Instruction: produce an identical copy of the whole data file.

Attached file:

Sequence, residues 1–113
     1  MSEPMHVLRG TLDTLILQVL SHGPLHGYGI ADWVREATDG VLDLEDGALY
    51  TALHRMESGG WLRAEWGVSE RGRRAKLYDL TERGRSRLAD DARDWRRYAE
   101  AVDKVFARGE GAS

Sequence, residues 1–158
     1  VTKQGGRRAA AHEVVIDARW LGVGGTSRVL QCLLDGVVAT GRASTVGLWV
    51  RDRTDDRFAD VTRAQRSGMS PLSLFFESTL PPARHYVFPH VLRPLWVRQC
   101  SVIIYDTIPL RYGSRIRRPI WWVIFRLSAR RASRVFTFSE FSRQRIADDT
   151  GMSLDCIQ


Sequence, residues 1–113
     1  MSEPMHVLRG TLDTLILQVL SHGPLHGYGI ADWVREATDG VLDLEDGALY
    51  TALHRMESGG WLRAEWGVSE RGRRAKLYDL TERGRSRLAD DARDWRRYAE
   101  AVDKVFARGE GAS

Sequence, residues 1–158
     1  VTKQGGRRAA AHEVVIDARW LGVGGTSRVL QCLLDGVVAT GRASTVGLWV
    51  RDRTDDRFAD VTRAQRSGMS PLSLFFESTL PPARHYVFPH VLRPLWVRQC
   101  SVIIYDTIPL RYGSRIRRPI WWVIFRLSAR RASRVFTFSE FSRQRIADDT
   151  GMSLDCIQ